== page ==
Indigenous Peoples and Human Rights

May 21, 2013

New Documents: Occupy Portland, Ore, and Boston: Politics and spies

  Occupy Portland arrests 2011: Ray Whitehouse/The Oregonian
The Eviction of Occupy Portland, Ore.:
A Supremely Political Affair
New Documents Also Show More Detail into Boston Law Enforcement Focus on Peaceful Protests in 2011
By Partnership for Civil Justice Fund
The latest trove of documents obtained by the Partnership for Civil Justice Fund (PCJF) from the Department of Homeland Security’s Federal Protective Service adds new detail to the spying work of federal law enforcement agencies coordinating with local law enforcement and city governments to act against Occupy encampments.

“These documents make clear that the shutdown of Occupy was not based on the supposed ‘health and safety’ concerns that law enforcement used as a public rationale, but rather that the decisions were profoundly political including a prioritization of business interests’ demands over First Amendment rights,” stated attorney Mara Verheyden-Hilliard, Executive Director of the PCJF.
The documents show the intense political discussion and collaboration between the Justice Department, the DHS, local law enforcement and business interests who wanted Occupy Portland, Ore., to be shut down.
The documents also show the resources devoted by Boston “anti-terrorism” authorities focusing on Occupy Boston events during the fall of 2011.
These new documents have been posted for public review on the website of the PCJF. They show:
  • The DHS Federal Protective Service (FPS) “Threat Management Division” deployed significant resources to collect and disseminate “Daily Intelligence Briefings” with details on lawful First Amendment Activities, including a Rape Crisis Response Training with the Boston Area Rape Crisis Center and an event titled Occupemos el Barrio at a local Boston Baptist Church.
  • More evidence of the Boston Regional Intelligence Center (BRIC) spying on peaceful free speech activities of Occupy, including monitoring a planned protest by Occupy Harvard against Tea Party favorite Newt Gingrich.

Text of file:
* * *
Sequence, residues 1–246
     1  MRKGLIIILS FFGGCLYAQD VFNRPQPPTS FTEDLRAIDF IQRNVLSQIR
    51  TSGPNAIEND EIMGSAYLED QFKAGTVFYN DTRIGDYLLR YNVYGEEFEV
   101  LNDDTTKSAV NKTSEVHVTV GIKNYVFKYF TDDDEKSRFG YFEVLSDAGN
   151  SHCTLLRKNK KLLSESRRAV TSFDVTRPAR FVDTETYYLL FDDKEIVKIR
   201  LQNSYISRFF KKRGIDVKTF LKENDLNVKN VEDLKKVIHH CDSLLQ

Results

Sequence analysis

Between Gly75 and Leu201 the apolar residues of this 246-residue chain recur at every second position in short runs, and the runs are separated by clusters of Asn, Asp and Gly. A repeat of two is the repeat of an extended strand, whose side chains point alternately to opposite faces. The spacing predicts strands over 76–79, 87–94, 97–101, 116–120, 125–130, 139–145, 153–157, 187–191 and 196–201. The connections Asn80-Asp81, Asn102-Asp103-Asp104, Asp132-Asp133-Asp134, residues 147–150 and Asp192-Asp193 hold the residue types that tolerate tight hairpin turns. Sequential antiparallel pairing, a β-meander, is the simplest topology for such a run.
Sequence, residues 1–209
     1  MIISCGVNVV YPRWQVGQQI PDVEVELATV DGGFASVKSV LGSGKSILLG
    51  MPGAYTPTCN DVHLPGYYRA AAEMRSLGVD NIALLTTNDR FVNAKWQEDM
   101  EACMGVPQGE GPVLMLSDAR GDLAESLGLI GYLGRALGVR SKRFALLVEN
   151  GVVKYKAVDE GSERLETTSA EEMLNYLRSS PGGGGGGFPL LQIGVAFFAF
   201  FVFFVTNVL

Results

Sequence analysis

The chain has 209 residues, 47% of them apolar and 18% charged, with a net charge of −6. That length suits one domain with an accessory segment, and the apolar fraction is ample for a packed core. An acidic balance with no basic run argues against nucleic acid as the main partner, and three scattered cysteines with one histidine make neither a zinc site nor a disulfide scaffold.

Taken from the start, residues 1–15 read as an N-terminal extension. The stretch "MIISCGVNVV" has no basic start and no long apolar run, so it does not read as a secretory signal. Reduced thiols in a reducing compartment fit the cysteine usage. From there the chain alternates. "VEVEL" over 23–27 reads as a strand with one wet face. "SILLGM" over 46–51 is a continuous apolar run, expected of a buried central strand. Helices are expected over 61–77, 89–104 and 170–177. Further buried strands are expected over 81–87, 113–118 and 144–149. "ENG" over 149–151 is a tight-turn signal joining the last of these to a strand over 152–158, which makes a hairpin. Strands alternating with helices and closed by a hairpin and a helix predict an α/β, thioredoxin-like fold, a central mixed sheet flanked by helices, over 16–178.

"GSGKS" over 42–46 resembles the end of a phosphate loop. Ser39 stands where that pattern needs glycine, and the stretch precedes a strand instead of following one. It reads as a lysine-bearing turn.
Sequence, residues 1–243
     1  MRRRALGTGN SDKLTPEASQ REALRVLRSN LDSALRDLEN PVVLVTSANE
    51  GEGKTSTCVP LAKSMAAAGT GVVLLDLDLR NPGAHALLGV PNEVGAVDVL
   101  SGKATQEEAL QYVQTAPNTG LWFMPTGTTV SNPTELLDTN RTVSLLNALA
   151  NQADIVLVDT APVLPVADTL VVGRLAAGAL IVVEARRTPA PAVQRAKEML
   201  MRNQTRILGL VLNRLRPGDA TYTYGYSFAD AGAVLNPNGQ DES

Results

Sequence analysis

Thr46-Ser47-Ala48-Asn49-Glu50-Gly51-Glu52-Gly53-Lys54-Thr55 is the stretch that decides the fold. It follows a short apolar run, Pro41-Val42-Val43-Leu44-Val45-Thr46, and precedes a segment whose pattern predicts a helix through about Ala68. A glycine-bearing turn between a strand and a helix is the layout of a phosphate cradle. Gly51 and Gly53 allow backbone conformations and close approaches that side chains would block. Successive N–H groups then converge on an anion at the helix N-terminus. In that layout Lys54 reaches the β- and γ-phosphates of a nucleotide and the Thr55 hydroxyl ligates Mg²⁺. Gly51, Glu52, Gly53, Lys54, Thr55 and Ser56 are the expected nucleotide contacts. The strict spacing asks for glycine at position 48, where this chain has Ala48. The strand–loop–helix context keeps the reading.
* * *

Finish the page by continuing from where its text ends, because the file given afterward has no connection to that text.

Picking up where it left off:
• In Portland, Ore., law enforcement and the Mayor’s office met to discuss how to close down the Occupy encampment. DHS reported: “Business community and PD want this to end.” The eviction came days after that meeting.
  • Communication dated November 14, 2011, between DHS FPS Regional Directors discussing that across the nation “law enforcement organizations have undertaken steps to discontinue Occupy encampments within their jurisdictions.”
  • GSA officials appear to be in disagreement with the DHS, local Portland Police Department, the U.S. Marshals’ office and the U.S. Attorneys’ Office regarding efforts to shut down Occupy Portland and evict from Terry Schrunk Plaza (GSA property). The GSA officials appear initially to be requiring “soundly based” public safety or health concerns before agreeing to take action. According to documents, the Department of Justice appears frustrated with GSA officials’ initial hesitancy to evict. One DHS document states that the U.S. Attorneys’ Office “wanted to know who DOJ could call to change the current stance of allowing protesters to set up camp in Terry Shrunk.”
  • The documents prove the political character of the “law enforcement” actions regarding Occupy. At one point a DHS official reporting about Occupy Portland states that there is communication from a “political appointee” and that the DHS official has “told our folks to hold off on any more evictions until the politicos have that chance to weigh-in on this issue.”
  • Portland local officials made a decision in advance of effecting the evictions that it would fence off city parks and wanted the GSA to do the same to keep Occupy demonstrators from regrouping. When GSA declined to do so, the City erected a fence around the federal property without permission.
  • The documents show that after significant lobbying and pressure the GSA finally relented and issued a statement supporting the Mayor, the DHS’s Federal Protective Service and the Portland Police, and asserted that conditions in Terry Schrunk Plaza now require eviction.
  • The documents show intense reporting within the DHS on Portland activities, with a senior official insisting on updates every 12 hours as “there are a lot of eyes on this.” In the days leading up to the eviction, the “Boss,” as the official is routinely referred to, requested frequent briefings, including at 6:00 a.m., according to one email. It is unclear whether this is because the “Boss” is based in Washington, D.C., which would be three hours ahead.
  • The documents include photos that DHS took, including one that appears to be of a general assembly meeting and its participants.
  • The DHS categorized a demonstration for inclusion in its Denver MegaCenter intelligence hub under the label “Crime/Incident: Demonstration-Violent/Unplanned” where the text of the reporting describes that “officers on scene advised the demonstration is peaceful.”

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